That's part of how you find a good job here. A fair amount of it is up to you, and what you do or don't agree to in the beginning. You have to realize that the Chinese employer will try to get away with as much as possible, if you don't object, so much the better in their eyes. If you do, and your right, generally they will give in. Lot's of people working bad jobs out there could have had pretty decent ones had they just had the balls to stand up for themselves and demand to read and than change parts of the contract that were clearly not fair. I agree there are a lot of bad schools out there, but some of the time the teacher creates their own bad situation simply by not reading what isn't even fine print, or having the courage to demand better.

#18 Parent Beaker - 2008-06-24
Re: Shanghai United International School

Reportedly Shanghai Americian School; Shanghai Singapore School; Rego International School; Concordia International School & Yew Cheng International School are noted to be the best of the best for formal education in Shanghai along with Shanghai Middle School. For training centres I would say Global IELTS; New Oriental; Wall Street; English First; Web International but there are so many good ones out there that I am really not doing just to by not mentioning them and of course there are bad ones as you can see above.

Its worth a search online and a few hours research prior to falling into the same traps wehave here. However under the privious management things worked smoothly and FT's were treat fairly, just the current management and staff have turned it into a "bordello" for senior/middle aged men or a "hive of unqualified fraudsters" rather than a school.

#19 Parent Corbin - 2008-06-23
Re: Shanghai United International School

I'm sorry to hear that the school is not worth the money the contract is printed on. You said that this is the worst school you have worked at, thank you for the warning by the way. Did you work at other schools that were of better caliber? Any that you would recommend?

#20 Parent Foreground - 2008-06-23
Re: Shanghai United International School

Do not know which campus you are at but I have had nothing but problems with double talk form the managers since coming here. Hours grew out to unmanagable levels, competent managers have all been replaced with incompetent managers. Weekly INSETT training turn out to be a farce. Monday to Friday has now turned into and most Saturdays. My line manager not only isn't a qualified teacher or manager but has a dipolma mill degree from some obscure fictious UK university. Unless you are willing to take advances and inuendos aimed at your personal life and willing to "come across" then your time is going to be hard here. I cannot and will not stand having "sexual" remarks and "advances" made towards me so like you, and most of the others, I have choosen not to renew my contract with them again this year. Odd thing was only a few years back it was a real joy to work here now it is a real nightmare.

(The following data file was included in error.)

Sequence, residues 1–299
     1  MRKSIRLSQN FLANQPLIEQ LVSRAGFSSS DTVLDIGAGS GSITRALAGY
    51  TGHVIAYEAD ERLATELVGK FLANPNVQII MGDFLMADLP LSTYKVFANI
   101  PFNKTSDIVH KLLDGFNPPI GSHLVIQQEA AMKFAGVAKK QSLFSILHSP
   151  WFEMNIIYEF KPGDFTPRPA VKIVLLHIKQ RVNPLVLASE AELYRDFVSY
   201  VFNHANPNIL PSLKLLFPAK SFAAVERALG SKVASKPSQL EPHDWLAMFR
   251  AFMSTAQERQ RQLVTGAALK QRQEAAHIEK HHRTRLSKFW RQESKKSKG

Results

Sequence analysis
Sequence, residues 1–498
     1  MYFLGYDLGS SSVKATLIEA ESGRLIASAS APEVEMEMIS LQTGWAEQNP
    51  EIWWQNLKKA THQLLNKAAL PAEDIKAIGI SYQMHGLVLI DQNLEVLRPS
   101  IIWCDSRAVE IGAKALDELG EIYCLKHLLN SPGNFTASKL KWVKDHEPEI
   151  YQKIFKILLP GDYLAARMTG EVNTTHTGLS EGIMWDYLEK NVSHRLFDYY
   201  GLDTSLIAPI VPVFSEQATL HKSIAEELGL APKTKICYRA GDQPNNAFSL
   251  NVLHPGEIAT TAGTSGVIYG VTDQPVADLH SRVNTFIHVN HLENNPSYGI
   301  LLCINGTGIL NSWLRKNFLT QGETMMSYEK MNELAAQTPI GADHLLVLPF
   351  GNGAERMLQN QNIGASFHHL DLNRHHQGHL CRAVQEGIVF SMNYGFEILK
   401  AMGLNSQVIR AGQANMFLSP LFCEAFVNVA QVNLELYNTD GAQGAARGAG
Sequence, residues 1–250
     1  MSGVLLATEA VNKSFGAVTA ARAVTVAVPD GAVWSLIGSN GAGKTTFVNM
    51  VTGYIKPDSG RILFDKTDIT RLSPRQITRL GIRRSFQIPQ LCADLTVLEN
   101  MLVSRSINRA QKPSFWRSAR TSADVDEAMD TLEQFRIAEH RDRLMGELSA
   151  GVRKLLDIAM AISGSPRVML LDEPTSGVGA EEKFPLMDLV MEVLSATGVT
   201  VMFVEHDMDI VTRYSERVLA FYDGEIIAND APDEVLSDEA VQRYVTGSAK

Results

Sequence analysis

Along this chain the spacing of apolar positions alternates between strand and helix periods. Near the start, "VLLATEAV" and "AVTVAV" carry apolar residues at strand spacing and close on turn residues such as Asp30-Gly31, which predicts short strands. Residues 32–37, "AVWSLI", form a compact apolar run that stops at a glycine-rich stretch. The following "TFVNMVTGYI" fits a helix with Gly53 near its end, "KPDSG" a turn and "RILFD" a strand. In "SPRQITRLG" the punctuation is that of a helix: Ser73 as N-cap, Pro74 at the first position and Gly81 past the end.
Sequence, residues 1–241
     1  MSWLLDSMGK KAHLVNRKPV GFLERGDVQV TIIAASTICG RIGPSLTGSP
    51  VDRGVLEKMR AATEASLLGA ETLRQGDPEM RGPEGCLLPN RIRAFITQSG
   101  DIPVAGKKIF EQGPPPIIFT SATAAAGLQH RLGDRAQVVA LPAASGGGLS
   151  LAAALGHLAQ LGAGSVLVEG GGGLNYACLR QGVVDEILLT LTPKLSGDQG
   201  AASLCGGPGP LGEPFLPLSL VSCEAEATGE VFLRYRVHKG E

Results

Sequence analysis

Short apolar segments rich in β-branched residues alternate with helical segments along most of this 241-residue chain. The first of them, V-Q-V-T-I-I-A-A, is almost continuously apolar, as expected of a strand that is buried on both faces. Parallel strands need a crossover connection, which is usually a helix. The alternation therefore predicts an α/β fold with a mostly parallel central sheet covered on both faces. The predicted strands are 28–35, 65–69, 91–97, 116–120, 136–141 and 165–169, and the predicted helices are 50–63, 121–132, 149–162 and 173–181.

Beaker - 2008-06-23
Shanghai United International School, China

After working for almost a year there they now are saying that we will not be getting our Summer Holiday pay as there is some clause vaguely written in our contracts. This in itself is not a big thing, but added to the compounding list of errors and cheats. I now know why they have such a high turn over, this year has been the worst year at any school I have worked at. The management is only money focused and coninually get teachers to do more and more ... worded in the contract is that teachers "may" be asked to do additional work, and the problem is the additional work became the norm. The offered pay rate was very high but with all the deductions and fees taken out it worked out to be pittence compared to working in a Government School with less hours, less stress and more free time. The students control the system and the teachers are told to "just suck it and see, this is a business not a funded school" .. how can you argue .. it really is a business and there are many mangers getting very rich while teachers clean up all the dirty work they leave behind. A big word of warning to anyone thinking about the "goldern carrot" they offer... its not worth your soul .. its not worth one year of pain anguish and heartache ... unless you like to lie, cheat and be lied to and cheated as your doing it to someone else... all that is writen on paper is purely paper .. no chops no true offers... just open words that can and do change weekly

I am out of there this year and as normal so are most of the "real" teachers..leaving a school full of washed out sexpats .... poor students